Dr C: “There’s no shame in be­ing off with stress”

UK work­ers feel guilty for tak­ing time off for a men­tal health rea­son, but Dr C says stress, anx­i­ety & de­pres­sion should be taken se­ri­ously

Closer (UK) - - Contents -

Many of us feel M we can’t take time away from work for a men­tal health rea­son, yet 94 per cent of HRS say de­pres­sion and anx­i­ety are ad­e­quate rea­sons to call in sick, and 80 per cent say work­place stress is le­git­i­mate.

KNOW WHAT’S VALID

Stress, de­pres­sion and anx­i­ety are just as valid as other health prob­lems. Peo­ple need re­cov­ery time, and there’s no shame in that. Of course, it’s im­por­tant to dis­tin­guish be­tween nor­mal stress and men­tal ill­ness; most peo­ple will feel some stress and, to some ex­tent, it works in our favour – help­ing us to hit dead­lines and be proac­tive – but men­tal ill­ness, be that de­pres­sion, anx­i­ety or some­thing else, needs treat­ment.

SPOT WARN­ING SIGNS

There isn’t one symp­tom I can sug­gest that would mean you need to take time off, it’s more about an in­abil­ity to cope. You may no­tice you’re ir­ri­ta­ble, anx­ious, un­able to switch off, dread­ing work, can’t con­cen­trate or you’re tear­ful. You may also have phys­i­cal symp­toms, such as poor sleep, mus­cle pain, headaches, grind­ing your teeth at night, chest pains or panic at­tacks. If you’re suf­fer­ing with any of these, see your GP. If they sign you off work, it’s for a very good rea­son. Some­times, all it takes is a week’s rest – some­times it can take a lot longer – but a doc­tor doesn’t hand out sick notes eas­ily, so you should take it se­ri­ously, as should your em­ployer.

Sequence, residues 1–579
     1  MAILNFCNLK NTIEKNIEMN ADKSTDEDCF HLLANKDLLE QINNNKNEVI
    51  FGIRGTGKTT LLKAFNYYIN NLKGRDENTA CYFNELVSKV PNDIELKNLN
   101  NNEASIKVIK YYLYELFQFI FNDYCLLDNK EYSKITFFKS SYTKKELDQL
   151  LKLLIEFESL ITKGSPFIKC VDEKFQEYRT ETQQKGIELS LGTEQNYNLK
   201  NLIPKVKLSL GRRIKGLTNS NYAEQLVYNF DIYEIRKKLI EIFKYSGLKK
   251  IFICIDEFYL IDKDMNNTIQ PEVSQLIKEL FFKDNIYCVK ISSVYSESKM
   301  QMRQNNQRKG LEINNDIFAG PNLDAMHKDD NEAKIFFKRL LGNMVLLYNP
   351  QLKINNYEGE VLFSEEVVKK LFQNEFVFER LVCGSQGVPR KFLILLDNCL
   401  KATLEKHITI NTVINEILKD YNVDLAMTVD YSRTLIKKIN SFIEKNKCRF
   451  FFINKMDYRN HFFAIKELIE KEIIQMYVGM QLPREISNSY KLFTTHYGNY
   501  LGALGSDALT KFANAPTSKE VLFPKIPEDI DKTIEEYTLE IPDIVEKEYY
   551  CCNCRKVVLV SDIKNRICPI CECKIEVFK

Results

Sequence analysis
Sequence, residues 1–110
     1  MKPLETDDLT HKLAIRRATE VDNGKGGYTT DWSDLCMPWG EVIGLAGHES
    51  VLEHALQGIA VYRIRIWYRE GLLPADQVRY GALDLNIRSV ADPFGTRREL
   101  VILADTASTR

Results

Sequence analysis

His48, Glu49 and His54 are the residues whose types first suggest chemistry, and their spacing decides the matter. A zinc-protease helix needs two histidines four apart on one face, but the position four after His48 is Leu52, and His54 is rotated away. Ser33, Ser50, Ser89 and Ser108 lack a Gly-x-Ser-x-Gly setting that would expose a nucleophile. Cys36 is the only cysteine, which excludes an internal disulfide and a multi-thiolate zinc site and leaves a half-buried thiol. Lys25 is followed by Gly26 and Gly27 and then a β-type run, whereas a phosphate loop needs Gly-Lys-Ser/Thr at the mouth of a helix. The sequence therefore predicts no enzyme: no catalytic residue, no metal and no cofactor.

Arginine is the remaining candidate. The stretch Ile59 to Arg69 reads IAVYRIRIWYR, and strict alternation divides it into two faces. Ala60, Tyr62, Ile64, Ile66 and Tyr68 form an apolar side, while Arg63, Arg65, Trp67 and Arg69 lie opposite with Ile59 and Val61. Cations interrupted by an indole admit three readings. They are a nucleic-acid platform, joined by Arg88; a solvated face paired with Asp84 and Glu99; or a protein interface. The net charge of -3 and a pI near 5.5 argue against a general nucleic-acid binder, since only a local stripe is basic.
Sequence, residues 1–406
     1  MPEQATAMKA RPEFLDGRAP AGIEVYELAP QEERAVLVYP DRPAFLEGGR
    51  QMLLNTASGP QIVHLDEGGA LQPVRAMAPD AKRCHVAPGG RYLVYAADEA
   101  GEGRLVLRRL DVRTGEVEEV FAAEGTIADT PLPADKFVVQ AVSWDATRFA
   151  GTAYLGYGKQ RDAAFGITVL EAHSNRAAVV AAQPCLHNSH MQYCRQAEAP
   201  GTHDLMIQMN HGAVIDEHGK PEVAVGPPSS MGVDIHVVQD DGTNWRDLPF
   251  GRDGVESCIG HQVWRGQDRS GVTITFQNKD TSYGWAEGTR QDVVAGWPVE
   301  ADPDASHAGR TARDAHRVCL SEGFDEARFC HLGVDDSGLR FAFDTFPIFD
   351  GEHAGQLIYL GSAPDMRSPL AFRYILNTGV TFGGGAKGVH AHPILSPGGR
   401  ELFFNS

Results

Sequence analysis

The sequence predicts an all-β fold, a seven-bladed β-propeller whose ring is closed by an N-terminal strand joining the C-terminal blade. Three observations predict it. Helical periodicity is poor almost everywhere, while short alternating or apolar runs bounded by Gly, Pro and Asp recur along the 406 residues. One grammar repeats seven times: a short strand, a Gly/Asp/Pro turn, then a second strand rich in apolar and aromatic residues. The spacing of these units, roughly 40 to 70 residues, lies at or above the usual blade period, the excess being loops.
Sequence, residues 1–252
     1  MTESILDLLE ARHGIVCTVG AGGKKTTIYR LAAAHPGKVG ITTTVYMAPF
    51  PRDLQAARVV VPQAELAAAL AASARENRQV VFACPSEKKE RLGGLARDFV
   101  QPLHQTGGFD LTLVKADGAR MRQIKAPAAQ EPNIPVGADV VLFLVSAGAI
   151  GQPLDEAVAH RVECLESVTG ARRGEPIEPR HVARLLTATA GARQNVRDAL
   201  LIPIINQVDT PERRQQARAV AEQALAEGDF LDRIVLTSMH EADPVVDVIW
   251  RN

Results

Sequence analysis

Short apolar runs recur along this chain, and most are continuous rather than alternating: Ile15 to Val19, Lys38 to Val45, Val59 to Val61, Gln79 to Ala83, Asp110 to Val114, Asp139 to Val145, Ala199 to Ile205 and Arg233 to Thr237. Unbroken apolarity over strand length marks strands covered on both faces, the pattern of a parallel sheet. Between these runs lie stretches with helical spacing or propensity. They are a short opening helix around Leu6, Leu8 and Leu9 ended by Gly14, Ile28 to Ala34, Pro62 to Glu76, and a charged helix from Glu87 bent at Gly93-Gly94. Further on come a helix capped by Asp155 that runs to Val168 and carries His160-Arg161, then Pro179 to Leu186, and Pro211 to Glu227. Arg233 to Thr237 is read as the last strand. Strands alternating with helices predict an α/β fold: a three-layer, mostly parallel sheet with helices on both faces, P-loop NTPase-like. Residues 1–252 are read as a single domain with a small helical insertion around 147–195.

It’s also im­por­tant not to let stress build up. That means tak­ing your an­nual leave, but also mak­ing time for breaks dur­ing your day, if pos­si­ble. We’re all very bad at down­time, but we need it. Some­times peo­ple can’t take a full lunch­break, or go for a walk af­ter a stress­ful meet­ing, but you can fac­tor in down­time at home.

There are three pil­lars to good health: diet, ex­er­cise and rest, so avoid fill­ing every even­ing with ac­tiv­i­ties, and don’t feel guilty about sim­ply re­lax­ing.

FIND SO­LU­TIONS

You may need to talk to your man­ager or some­one from HR about your work­load, be­cause your em­ployer has a re­spon­si­bil­ity when it comes to your health as well. Think what could help, such as flex­i­ble hours, work­ing from home or shar­ing cer­tain tasks. You may worry they’ll judge you, but you need to find so­lu­tions. The sooner you deal with stress, the sooner you’ll get it sorted. ● We need your help to make it a le­gal re­quire­ment to have trained men­tal health first aiders in every work­place or col­lege. Sign our pe­ti­tion at wheresy­our­hea­dat.org.

Dr C’s check-up

DR CHRIS­TIAN GIVES HIS TAKE ON THE HOT HEALTH TOP­ICS OF THE WEEK

Newspapers in English

Newspapers from UK

© PressReader. All rights reserved.